Sudanese art is primarily decorative. Rather than images, you might see intricate geometric designs or beautiful carvings in ebony or ivory, or metal or leather work, such as daggers and sheaths. Women make decorative items for their households such as doilies for serving trays.

 The Institute of Fine Arts and Technology has encouraged graphic artists including a number of printmakers, calligraphers and photographers who have achieved international recognition. Ibrahim al Salahi is perhaps the best known artist and is proficient in all three media. 

There are a number of museums in Khartoum: the National Museum, which has a collection of ancient artifacts, the National History Museum and the Ethnographical Museum. The Khartoum Library is noted for its African and Sudanese collection.

Music is popular. Some Sudanese musicians, such as Abdel Karim al-Kabli, are known outside the country for interesting, restrained blends of Arabic melodies and African rhythms. The Nubian musician, Hamza el-Din, who plays the oud, (a stringed musical instrument), has been well known in North America for some time.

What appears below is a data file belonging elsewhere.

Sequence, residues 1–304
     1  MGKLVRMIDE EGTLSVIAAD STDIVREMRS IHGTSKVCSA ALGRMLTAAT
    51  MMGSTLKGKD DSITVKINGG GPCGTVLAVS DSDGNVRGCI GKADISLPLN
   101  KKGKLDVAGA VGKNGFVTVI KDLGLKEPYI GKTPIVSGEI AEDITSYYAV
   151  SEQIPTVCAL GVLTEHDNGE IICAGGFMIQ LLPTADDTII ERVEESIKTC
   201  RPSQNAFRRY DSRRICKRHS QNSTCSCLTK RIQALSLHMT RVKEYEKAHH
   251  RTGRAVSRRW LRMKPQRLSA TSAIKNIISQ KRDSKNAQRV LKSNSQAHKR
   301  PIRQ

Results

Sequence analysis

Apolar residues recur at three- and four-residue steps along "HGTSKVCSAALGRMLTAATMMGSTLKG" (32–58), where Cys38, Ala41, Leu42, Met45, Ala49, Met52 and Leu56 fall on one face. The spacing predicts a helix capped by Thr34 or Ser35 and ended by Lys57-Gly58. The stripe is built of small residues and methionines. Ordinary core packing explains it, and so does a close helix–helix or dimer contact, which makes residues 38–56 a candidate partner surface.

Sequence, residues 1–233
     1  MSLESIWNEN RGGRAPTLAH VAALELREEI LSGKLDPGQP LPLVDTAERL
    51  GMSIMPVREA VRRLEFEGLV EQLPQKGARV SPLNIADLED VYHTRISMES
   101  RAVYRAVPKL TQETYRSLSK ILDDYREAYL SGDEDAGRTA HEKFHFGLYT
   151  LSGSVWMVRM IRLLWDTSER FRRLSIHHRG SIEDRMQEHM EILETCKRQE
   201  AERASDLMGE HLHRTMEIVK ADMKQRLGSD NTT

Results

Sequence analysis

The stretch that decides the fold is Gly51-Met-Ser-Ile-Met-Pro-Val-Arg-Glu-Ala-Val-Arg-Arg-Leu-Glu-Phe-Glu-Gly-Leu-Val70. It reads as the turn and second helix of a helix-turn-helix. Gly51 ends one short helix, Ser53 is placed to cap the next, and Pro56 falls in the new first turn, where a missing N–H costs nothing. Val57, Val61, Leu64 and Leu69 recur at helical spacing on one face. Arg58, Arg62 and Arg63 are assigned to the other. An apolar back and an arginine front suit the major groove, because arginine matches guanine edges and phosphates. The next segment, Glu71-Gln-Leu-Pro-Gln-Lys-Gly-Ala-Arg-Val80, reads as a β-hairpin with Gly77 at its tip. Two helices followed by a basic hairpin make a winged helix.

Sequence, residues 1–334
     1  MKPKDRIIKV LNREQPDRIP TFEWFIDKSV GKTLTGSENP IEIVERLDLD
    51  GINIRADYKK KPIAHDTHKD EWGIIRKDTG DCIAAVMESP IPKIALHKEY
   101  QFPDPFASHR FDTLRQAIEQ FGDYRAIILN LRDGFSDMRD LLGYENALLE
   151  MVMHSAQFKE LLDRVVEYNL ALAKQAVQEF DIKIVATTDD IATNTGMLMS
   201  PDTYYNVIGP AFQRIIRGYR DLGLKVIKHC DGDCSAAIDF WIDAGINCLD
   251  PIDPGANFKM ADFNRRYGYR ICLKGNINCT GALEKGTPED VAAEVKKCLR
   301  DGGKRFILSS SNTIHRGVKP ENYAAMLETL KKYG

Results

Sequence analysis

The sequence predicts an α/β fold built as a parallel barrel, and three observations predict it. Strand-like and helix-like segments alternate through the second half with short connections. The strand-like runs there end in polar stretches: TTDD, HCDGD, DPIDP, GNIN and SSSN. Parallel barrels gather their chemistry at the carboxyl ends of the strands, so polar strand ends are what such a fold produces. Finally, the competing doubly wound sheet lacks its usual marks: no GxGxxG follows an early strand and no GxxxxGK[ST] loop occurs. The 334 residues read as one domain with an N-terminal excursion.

Literature, including poetry, is sophisticated all across the Arab-influenced world. Tayeb Salih writes fictional accounts of life in northern Sudan. His novel Season of Migration to the North explores the relationship between Sudanese and Western culture. Two other internationally acclaimed writers are poet Taban Lo Liyong and Sirr Anai Kelueljang.

Did you know? 

Historically Nubian artists and architects who lived in Sudan, were influenced by Christian images and symbols developed from Egypt and the Mediterranean world. The Nubians added details, design combinations and proportions of their own. This is seen on the excavated walls of the Cathedral at Faras, a monastery at Qasr el Wizz and a large town containing churches with frescos at Serra East. Architectural information was recoved along with objects of daily life, including superbly painted Nubian pottery.